"The fundamental purpose of opening statements is '"to do no more than inform the jury in a general way of the nature of the action and the basic factual hypothesis projected, so that they may be better prepared to understand the evidence."'"

Amaru v. Stratton, 209 N.J. Super. 1, 15 (App. Div. 1985) (quoting Passaic Valley Sewerage Comm'rs v. Geo. M. Brewster & Son, Inc., 32 N.J. 595, 605 (1960) (quoting Farkas v. Middlesex County Bd. of Chosen Freeholders, 49 N.J. Super. 363, 367-68 (App. Div. 1958))). Counsel "must be summary and succinct" and "[n]othing must be said which the lawyer knows cannot in fact be proved or is legally inadmissible." Passaic Valley, supra, 32 N.J. at 605 (citing Paxton v. Misiuk, 54 N.J. Super. 15, 20 (App. Div. 1959), aff'd, 34 N.J. 453 (1961); Shafer v. H.B. Thomas Co., 53 N.J. Super. 19, 26 (App. Div. 1958)).

In addition, it is improper for an attorney to make derisive statements about parties, their counsel, or their witnesses. In Rodd v. Raritan Radiologic Associates, P.A., 373 N.J. Super. 154, 171-72 (App. Div. 2004), we said:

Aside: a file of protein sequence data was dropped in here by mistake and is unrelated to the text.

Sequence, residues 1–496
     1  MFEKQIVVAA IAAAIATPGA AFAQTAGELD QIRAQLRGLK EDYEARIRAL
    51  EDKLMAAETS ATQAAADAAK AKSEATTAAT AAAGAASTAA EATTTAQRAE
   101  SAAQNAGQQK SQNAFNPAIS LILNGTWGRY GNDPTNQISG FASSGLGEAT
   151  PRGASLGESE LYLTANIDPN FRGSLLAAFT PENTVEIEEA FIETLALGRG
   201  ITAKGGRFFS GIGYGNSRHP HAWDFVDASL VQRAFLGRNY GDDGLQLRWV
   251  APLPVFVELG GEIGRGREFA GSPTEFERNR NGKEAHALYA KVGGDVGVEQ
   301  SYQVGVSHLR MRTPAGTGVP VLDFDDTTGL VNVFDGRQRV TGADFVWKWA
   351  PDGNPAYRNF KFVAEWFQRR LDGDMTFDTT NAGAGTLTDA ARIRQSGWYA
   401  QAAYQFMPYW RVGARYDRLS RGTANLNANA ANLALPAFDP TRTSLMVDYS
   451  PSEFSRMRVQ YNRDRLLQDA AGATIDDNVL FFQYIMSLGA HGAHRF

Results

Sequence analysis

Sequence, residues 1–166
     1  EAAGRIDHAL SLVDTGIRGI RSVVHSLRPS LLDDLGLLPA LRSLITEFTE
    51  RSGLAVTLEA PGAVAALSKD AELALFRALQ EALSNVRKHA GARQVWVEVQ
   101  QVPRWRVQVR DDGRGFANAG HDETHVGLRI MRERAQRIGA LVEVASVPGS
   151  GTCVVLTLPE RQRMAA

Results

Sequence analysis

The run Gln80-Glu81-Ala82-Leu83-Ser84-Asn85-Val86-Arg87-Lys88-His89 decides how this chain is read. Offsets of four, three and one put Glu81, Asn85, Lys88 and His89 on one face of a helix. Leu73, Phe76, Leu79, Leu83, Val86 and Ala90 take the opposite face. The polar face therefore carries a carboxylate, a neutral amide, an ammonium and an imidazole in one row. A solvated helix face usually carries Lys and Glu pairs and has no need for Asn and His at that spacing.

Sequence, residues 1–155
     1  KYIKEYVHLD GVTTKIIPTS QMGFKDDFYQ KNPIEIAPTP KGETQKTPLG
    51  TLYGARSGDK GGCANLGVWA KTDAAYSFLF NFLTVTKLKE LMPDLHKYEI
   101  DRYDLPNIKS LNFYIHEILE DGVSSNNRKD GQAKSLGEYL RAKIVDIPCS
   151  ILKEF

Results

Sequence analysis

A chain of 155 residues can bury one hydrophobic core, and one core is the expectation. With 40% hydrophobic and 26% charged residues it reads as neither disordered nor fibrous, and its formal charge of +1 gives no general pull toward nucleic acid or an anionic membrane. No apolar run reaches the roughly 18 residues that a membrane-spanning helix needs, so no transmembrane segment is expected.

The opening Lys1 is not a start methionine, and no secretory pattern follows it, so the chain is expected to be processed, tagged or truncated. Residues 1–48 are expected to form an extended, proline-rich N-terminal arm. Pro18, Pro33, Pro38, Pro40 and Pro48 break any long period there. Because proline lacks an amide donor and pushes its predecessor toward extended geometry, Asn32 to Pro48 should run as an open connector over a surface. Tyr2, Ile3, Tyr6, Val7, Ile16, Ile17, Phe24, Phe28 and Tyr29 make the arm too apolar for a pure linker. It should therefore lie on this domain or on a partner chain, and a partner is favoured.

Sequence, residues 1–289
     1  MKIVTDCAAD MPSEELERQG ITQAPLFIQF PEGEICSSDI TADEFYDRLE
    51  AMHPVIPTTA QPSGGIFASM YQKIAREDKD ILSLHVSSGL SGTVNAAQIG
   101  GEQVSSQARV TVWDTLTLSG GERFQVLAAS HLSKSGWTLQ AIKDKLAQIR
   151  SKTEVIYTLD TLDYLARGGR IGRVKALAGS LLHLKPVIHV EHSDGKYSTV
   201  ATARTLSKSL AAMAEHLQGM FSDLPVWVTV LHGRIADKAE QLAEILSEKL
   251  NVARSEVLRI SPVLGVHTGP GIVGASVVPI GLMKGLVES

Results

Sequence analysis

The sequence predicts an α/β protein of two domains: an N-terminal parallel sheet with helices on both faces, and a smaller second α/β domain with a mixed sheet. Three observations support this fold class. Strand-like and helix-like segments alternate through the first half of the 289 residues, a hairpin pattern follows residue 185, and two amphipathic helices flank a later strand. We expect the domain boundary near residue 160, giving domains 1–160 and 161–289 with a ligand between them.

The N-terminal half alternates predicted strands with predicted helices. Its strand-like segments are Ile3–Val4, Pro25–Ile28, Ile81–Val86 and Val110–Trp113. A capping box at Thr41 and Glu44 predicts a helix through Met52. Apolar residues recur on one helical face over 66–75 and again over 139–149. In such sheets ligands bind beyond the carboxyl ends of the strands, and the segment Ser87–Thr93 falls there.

Although attorneys are given broad latitude in summation, they may not use disparaging language to discredit the opposing party, or witness, Henker v. Preybylowski, 216 N.J. Super. 513, 518-19 (App. Div. 1987); Geler v. Akawie, 358 N.J. Super. 437, 470-71 (App. Div.), certif. denied, 177 N.J. 223 (2003), or accuse a party's attorney of wanting the jury to evaluate the evidence unfairly, of trying to deceive the jury, or of deliberately distorting the evidence.

Rodd was a medical malpractice case in which the plaintiff's counsel argued in summation "that [the] defendant missed the evidence of cancer because he cared more about 'making money' and living 'the good life' . . . ." Rodd, supra, 373 N.J. Super. at 171. The plaintiff's counsel continued by "disparaging defendant's expert, who, he maintained, argued 'a little bit more like a lawyer than a doctor' and was 'a professional witness' who 'adjust[ed] his testimony for every case.'" Ibid. "These comments remained uncorrected by the trial judge." Ibid.

The Rodd court found these comments were "unduly harsh and amounted to an attack on defendant's character and his witness's integrity." Ibid. "They occupy no rightful place in proper commentary on the evidence and the credibility of testimony.

They are not to be repeated on retrial." ...